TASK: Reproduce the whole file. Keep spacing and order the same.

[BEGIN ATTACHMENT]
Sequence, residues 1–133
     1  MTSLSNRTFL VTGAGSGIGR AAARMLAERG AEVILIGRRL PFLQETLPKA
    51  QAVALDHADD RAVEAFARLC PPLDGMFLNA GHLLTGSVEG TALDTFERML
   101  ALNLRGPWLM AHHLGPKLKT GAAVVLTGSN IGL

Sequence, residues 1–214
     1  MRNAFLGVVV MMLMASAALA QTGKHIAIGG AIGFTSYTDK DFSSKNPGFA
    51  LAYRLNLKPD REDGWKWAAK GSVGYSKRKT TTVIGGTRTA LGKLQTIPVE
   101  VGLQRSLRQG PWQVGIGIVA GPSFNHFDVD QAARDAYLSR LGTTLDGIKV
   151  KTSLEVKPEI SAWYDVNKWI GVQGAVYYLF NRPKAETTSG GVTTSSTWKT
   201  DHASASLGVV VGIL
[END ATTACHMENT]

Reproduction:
Sequence, residues 1–133
     1  MTSLSNRTFL VTGAGSGIGR AAARMLAERG AEVILIGRRL PFLQETLPKA
    51  QAVALDHADD RAVEAFARLC PPLDGMFLNA GHLLTGSVEG TALDTFERML
   101  ALNLRGPWLM AHHLGPKLKT GAAVVLTGSN IGL

Sequence, residues 1–214
     1  MRNAFLGVVV MMLMASAALA QTGKHIAIGG AIGFTSYTDK DFSSKNPGFA
    51  LAYRLNLKPD REDGWKWAAK GSVGYSKRKT TTVIGGTRTA LGKLQTIPVE
   101  VGLQRSLRQG PWQVGIGIVA GPSFNHFDVD QAARDAYLSR LGTTLDGIKV
   151  KTSLEVKPEI SAWYDVNKWI GVQGAVYYLF NRPKAETTSG GVTTSSTWKT
   201  DHASASLGVV VGIL